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Half dollars rarely in my thoughts

I don’t find myself thinking about half dollars very often. They are almost never seen in circulation. If I happen to get one it is because someone at the Crystal Cafe was short of funds and happened to spend one for coffee.

My habit if I get a half dollar in change is to immediately turn it around by leaving it as part of the tip. I really don’t want to take it home.

There are so few uses for half dollars. They are not spendable in the average vending machine, so I cannot buy a morning coffee here in the break room with it.

The Mint, though, still sells rolls and bags of the coins and even though totals are small, there are some collectors who continue to buy them.

I bought a bag back in 2002. I wanted to see what might be in it. There really was nothing of interest in it for me, so over time, they gradually found their way into circulation. Yes, I took the loss for the amount I paid over face value, but that was better than storing the bag for the rest of my life.

So far this year, 4,072 bags of 200 coins have been sold. The price is $130.95 plus the $4.95 shipping charge. This gives the Mint revenue of more than $550,000. There have been 21,101 two-roll sets sold, which yield the Mint another $800,000 in revenue.

Of the roughly $1.35 million of revenue so far this year, about half a million is the amount over the face value of the coins sold.

That’s not a bad small business profit margin. And, the best part for the government is the face value of the coins is like a permanent loan  to help keep the Treasury solvent.

So collect away from the Mint’s point of view, and any buyers of these coins out there please tell me what appeals to you about these half dollars.

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4 Responses to Half dollars rarely in my thoughts

  1. Wesley says:

    I think what appeals to me most about half dollars is their uniqueness and semi-rarity. Almost nobody uses them, but they are still available (often but not always) from my local bank, and can be spent without feeling like you shouldn’t…often eliciting a remark about how they haven’t seen one of those in years! Or perhaps wondering what in the world it is. It is the sort of thing that might lead someone to become interested in collecting coins.

    The only reason I pick up the new date Kennedy’s is to continue completing a collection. However, I just buy one of each from a dealer and move on…I have no need or great desire for rolls or bags of them. The lower mintages could also cause them to have somewhat higher values in the long term…

  2. Anonymous says:

    What appeals to me about collecting half dollars is the continuation of the series. I would like to collect a full set of Kennedy’s, and as long as the Mint churns them out I will be collecting them. I would like to see commemorative half dollars like the classic ones. If the right subject could be found I think those would be very popular with collectors.

  3. JC says:

    I collect these mainly because of my father. I started collecting coins when I was 12. I still remember the first, a 1858 Flying Eagle Cent from a civil war reanactment. A few years later my dad entrusted me with his collection of half dollars. About 50 rolls of mixed Franklin and Kennedys. I am now 28 and still collect halve rolls. I like being able to buy them directly from the mint in the P & D sets. Before that I had to bank shop and usually turned up nothing exept worn slot machine halfs from the nearby casino.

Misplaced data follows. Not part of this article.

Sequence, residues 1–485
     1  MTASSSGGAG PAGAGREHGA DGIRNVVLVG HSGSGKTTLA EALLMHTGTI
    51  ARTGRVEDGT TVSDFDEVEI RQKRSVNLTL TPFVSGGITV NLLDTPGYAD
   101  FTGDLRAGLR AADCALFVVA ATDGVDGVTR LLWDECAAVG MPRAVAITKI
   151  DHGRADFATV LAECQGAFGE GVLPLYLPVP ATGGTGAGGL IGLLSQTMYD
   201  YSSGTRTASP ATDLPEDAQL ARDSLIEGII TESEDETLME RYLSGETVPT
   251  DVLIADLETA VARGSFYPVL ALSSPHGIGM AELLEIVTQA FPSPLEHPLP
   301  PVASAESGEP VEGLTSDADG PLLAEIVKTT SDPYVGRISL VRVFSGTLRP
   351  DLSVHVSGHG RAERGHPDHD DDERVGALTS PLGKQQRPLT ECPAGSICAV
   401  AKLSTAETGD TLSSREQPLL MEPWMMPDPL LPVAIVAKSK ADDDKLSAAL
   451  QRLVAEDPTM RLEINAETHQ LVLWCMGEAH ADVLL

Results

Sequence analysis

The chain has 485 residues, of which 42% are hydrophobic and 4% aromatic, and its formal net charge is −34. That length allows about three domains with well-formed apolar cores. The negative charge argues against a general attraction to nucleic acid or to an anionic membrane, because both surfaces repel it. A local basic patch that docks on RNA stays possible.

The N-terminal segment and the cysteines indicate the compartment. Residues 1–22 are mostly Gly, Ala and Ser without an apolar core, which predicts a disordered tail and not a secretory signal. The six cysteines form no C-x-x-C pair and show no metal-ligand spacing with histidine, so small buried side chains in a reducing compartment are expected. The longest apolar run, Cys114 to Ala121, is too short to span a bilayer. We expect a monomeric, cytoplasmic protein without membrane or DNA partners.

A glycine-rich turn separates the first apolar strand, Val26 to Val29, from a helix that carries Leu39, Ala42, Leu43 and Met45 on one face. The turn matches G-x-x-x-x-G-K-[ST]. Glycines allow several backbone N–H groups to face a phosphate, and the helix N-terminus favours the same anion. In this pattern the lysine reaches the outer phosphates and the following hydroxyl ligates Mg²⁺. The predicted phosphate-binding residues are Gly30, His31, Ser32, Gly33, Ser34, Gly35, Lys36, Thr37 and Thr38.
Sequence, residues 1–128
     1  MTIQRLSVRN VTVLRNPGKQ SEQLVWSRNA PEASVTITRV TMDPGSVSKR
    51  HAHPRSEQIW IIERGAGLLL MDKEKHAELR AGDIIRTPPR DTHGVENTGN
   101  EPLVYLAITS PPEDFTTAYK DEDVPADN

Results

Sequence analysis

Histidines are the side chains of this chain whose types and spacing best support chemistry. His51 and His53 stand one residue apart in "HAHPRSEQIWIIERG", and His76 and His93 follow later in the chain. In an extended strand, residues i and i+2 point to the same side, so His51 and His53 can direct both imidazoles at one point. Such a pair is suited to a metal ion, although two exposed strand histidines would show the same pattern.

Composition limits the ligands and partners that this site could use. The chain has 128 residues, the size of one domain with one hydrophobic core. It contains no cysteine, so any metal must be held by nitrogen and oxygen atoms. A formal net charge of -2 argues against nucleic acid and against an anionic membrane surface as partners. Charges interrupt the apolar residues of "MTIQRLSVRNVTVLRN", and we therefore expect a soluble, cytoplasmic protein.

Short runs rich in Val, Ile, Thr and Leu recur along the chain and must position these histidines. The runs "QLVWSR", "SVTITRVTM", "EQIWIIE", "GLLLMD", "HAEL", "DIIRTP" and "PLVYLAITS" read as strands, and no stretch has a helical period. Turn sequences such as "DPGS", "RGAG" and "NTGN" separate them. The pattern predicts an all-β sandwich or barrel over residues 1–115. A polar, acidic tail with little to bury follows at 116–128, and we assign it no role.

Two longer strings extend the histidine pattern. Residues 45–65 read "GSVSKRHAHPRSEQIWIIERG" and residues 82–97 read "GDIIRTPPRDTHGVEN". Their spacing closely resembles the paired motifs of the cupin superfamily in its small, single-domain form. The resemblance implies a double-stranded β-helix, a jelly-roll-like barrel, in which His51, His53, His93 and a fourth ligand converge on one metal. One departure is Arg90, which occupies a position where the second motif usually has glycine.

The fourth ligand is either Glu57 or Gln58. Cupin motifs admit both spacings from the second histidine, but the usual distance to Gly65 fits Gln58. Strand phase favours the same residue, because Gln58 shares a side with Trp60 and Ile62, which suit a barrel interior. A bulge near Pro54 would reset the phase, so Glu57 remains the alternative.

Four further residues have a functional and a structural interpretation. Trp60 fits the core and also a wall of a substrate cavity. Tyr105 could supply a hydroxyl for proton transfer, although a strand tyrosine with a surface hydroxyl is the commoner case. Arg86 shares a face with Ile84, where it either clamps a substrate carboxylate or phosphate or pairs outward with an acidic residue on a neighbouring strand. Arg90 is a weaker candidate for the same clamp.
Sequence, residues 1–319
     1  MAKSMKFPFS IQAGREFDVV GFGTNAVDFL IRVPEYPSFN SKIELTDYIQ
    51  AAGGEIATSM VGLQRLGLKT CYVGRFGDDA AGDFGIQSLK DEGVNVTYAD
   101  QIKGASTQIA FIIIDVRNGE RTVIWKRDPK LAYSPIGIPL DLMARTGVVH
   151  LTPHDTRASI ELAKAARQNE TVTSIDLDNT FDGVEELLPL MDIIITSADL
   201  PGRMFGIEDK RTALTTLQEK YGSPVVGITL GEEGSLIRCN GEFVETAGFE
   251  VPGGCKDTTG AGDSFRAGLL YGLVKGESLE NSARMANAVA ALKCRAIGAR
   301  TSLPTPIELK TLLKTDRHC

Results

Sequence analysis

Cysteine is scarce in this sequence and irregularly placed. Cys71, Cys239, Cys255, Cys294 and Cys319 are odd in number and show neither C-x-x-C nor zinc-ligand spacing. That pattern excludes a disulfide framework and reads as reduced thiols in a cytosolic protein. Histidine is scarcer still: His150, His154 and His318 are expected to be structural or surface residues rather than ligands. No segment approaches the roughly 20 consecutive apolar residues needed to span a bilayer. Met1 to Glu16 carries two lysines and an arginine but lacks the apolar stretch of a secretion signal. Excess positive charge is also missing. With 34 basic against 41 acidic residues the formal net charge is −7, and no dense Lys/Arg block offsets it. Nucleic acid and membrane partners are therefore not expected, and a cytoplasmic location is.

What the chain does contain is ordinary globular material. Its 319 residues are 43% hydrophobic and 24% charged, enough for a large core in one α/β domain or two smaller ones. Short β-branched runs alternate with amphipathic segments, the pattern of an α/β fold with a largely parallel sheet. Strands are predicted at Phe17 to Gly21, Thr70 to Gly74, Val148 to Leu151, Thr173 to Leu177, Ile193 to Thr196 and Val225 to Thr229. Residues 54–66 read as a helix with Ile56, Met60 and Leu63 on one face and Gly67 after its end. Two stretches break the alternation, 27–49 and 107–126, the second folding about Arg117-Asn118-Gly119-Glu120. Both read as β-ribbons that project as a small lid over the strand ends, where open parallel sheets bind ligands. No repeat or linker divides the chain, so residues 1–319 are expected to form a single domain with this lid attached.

4. Vachon says:

    The most curious reaction I get is from older folks who ask me if the half dollar I just gave them is a dollar. They used to use halves in their daily lives!

    The shame for me is that Congress does not force the issue to get the coins circulating. They’re a forgotten coin by an accident of history whereby Congress changed the Franklin design during the last year of 90% silver coinage and by keeping some silver in the new issues until 1970. With all the 90% halves being pulled and the new Kennedys being both hoarded for sentimental and bullion value reasons, there were no other coins left. Had the denomination gone silverless in 1965, there’s a possibility the denomination would still be used today.

    It would be a simple matter of only allowing banks to purchase "fractional dollars" and getting an equal mix of quarters and halves for a few years until people got used to them again. Force vending machines as well to accept them (and dollar coins for that matter and $2 bills if they accept $5 bills and higher) too or have them suffer tax consequences.

    I work as a cashier and give half dollars out in change with no difficulty. The "rejection rate" is about the same as any other denomination. I don’t assume when someone asks for two fives instead of the ten I gave them that customers do not want five dollar bills so I’m not discouraged when I get the occasional "Can I have two quarters for this instead?".

    The argument that they are too big is subjective. Personally they feel like good, adult-sized coins to me. But the argument that they’re "too heavy" is complete nonsense seeing as how they weigh the same as two quarters or five dimes.

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